TOUCHY, FEELY BUSINESS!
de Silva Wijeyeratne, G. (2007). Touchy, Feely Business! LMD. July 2007. Page 158. Volume 13, Issue 12. ISSN 1991-135X.
Companies exploring new business prospects must investigate such markets tangibly.
Gehan de Silva Wijeyeratne on the search for new markets
About seven years ago at a meeting at Nations Trust Bank, Ajit Gunawardene representing John Keells, one of the bank’s majority shareholders, used an expression which stuck in my mind. He once asked whether we could ‘touch and feel it’. He was referring to the ‘pulse of the market’. I thought I understood him then, but after a recent business visit to Italy I began to wonder how many of us in business really do. Attending the fourth Italian Bird Fair was not one which I looked forward to in eager anticipation. In fact, myself and my colleague who attended it had serious concerns whether we would get our money back. In a fragile economy, every Euro matters. Nevertheless, with tourism taking a severe beating at every turn, there was pressure to go in search of new markets.
The Italian Bird Fair as it turned out had a number of business lessons. Lesson number one was that there was no substitute to going and looking yourself. A well worn adage in business, but sometimes we don’t take the risk of looking for new business because of the risk of having to spend money on a few blind alleys. I had been to Italy before on holidays, but that’s always a different story. Holiday makers chose a circuit which is not always the best means of assessing a country’s potential for business.
Language would be difficult everyone had warned us. There is a fair amount of truth to this. We had paid attention and had ensured that some of our promotional literature did carry translations in Italian. However it’s worth examining whether language is such a problem. About half the people who came to the fair could not speak English. However there still was a half who did. That still is enough potential business for someone selling direct to the consumer. It also largely true that the more affluent Italians speak enough English to get by. In cities such as Milan, a fair cross section of Italians do. Well, at least a fair proportion of those who would be a client of a specialist seller. This is probably true of most of Europe where English is increasing in importance as an international language. Even in Asian countries like Japan, where language is an issue, at the high end it will become increasingly less of an issue. So although language is a problem, it should not be a deterrent to Sri Lankan companies in search of new markets, especially in the stronger economies.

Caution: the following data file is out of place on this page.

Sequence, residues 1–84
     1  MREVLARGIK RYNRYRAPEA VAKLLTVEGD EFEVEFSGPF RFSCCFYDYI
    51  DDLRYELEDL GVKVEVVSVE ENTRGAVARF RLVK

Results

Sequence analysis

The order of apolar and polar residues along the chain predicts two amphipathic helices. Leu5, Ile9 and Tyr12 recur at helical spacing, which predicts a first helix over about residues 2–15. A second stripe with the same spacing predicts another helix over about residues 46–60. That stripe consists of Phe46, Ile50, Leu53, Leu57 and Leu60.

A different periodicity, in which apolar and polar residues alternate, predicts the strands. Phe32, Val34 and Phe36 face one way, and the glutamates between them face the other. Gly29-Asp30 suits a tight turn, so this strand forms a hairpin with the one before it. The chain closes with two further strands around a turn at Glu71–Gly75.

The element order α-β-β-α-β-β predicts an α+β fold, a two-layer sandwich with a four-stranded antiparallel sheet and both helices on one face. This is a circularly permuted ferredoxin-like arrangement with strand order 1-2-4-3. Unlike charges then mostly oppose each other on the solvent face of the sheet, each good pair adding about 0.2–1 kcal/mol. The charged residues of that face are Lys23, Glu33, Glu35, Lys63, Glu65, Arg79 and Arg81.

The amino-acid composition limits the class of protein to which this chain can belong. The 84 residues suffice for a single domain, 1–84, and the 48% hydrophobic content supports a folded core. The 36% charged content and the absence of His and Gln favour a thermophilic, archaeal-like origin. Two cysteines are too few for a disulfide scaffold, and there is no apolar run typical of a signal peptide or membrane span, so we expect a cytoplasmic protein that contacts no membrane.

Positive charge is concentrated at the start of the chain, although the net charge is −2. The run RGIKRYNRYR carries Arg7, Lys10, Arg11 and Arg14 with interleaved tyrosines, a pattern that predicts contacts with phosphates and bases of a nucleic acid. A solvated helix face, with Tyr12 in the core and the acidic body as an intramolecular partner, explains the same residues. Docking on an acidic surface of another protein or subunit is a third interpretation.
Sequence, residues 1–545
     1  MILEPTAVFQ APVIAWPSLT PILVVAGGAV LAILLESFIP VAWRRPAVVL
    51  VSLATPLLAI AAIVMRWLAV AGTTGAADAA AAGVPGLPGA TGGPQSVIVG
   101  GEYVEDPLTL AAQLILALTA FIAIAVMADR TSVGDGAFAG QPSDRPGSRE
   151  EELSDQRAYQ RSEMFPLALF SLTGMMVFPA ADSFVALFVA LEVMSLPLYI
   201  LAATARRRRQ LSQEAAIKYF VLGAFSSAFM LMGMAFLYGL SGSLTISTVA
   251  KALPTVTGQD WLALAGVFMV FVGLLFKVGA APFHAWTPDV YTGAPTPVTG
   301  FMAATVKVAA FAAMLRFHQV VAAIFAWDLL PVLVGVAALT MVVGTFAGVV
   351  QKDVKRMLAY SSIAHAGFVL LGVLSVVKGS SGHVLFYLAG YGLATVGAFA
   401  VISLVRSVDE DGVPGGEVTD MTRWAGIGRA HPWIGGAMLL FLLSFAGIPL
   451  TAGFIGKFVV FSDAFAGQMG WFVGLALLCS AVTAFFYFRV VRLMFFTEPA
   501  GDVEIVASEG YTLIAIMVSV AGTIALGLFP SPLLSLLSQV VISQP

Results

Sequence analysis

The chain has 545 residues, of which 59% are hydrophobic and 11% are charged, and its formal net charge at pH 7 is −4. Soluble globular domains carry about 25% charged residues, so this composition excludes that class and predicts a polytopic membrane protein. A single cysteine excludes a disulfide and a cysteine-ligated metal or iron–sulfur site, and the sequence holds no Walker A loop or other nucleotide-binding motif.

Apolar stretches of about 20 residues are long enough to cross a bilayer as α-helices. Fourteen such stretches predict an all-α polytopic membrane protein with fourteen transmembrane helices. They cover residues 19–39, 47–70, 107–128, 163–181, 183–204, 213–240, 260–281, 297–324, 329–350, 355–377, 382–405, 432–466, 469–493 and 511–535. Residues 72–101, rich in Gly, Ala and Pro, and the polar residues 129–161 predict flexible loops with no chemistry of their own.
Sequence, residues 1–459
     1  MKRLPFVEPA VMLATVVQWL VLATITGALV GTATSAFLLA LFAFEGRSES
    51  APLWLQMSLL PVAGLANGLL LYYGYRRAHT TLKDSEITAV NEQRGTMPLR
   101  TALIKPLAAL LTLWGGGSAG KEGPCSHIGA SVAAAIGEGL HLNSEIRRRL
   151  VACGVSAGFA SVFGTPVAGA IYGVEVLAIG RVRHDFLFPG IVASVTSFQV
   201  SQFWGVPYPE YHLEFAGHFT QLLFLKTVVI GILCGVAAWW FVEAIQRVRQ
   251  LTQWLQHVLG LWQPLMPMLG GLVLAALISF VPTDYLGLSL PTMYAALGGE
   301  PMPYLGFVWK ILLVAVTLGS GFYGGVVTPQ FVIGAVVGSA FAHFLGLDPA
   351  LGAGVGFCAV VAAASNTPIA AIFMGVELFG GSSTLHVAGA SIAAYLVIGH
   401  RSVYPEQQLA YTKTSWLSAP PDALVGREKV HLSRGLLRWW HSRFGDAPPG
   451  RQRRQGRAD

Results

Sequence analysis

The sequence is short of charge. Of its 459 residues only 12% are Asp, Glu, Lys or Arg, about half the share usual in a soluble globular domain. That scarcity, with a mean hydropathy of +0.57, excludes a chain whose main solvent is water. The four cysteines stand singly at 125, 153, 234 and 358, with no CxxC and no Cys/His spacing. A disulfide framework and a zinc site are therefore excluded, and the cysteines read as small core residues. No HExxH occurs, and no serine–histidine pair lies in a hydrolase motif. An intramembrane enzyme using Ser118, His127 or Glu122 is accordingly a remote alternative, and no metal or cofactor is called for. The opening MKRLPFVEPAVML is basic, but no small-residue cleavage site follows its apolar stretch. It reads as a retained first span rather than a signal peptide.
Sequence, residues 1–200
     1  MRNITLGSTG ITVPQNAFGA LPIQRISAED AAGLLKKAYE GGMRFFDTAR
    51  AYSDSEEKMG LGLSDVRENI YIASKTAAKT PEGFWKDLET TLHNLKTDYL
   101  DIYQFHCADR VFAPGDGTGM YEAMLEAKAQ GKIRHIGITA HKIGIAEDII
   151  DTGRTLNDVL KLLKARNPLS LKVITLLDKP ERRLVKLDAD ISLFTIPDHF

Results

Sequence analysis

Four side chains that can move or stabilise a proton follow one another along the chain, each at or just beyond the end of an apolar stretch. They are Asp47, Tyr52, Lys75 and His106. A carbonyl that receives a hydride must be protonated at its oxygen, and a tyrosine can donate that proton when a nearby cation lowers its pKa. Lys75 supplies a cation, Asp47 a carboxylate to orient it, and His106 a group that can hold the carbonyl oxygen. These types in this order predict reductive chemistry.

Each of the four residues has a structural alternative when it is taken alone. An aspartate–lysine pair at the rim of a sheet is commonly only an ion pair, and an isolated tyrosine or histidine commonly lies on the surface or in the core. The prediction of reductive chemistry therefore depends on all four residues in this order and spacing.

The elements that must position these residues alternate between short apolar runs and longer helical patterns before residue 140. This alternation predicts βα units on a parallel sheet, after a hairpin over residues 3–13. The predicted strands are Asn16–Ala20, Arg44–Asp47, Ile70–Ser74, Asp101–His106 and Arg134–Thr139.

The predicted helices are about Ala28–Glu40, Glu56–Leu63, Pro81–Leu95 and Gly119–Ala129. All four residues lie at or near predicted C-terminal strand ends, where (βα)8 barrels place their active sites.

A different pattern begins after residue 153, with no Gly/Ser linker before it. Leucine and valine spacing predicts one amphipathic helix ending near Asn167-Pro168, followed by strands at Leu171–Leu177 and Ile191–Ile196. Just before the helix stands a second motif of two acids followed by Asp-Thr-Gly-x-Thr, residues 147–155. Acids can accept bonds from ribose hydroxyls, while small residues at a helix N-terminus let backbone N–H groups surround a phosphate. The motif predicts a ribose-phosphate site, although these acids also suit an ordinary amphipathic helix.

The next lesson to be reinforced was that no buyer is the same. It is widely known that the British and the North Americans enjoy wildlife and will pay serious money to travel for it. But there is little to an English reading audience to gauge the appetite of the Italians or the French or the Germans. Despite the volume of information on the web, no google search is going to produce a magic answer. As it turned out, the Italians have a tremendous appetite for nature. In fact, we were surprised to find that they seemed to be spending even more than the Britons in promoting nature. National parks vied with each other to attract visitors. Regional tourist boards vied with each other. Everyone was in competition with the other to gain market share. No less than five glossy nature and outdoor magazines were exhibitors dishing out free copies or discounted copies to woo subscribers and catering to what was clearly an appetite for nature.
There really is no substitute for going out and seeing for yourself. Each country has cultural traits. At the British Birdwatching Fair, the event is dominated by birdwatchers and birding related activities. In Italy, the events were focussed around photography and half the visitors were more interested in photography. Perhaps this is not surprising. Countries such as France and Italy have a strong emotional connection with the arts. Photography would have greater resonance in a nation which has arts embedded in its psyche. This was clear even in the way the exhibition organisers had invited photographers to set up a gallery and the way in which the images were displayed. Whilst the British would show an animal in its natural state, the Italians would frame it for example as a thin rectangular crop. The form and shape of the animal was irrelevant to an emotional expression of a time and place. Next to our stall was Olli Lamminsalo from Kuusamo Bird Touring Ltd from Finland. He was a familiar face from the British Birdwatching Fair. ‘After my first year I realised this market was different’ he said. “This year I did not have too much emphasis on the birdwatching and instead focused on catering to photographers’. He whipped out his PDA and showed me his notes reinforcing the point that next year he should enhance his offering to photographers.
The point is the seller must be driven by the cultural characteristics of different countries. There is no straight formula. Sri Lankan companies must learn to adapt to different markets as we go in search of more Euros to prop up a Rupee which is sliding faster than a teenager on a water chute in Waterworld.
Accountant & Banker turned wildlife populariser, Gehan de Silva Wijeyeratne lobbies for progress. E-mail him at firstname.lastname@example.org to subscribe to his wildlife e-newsletter.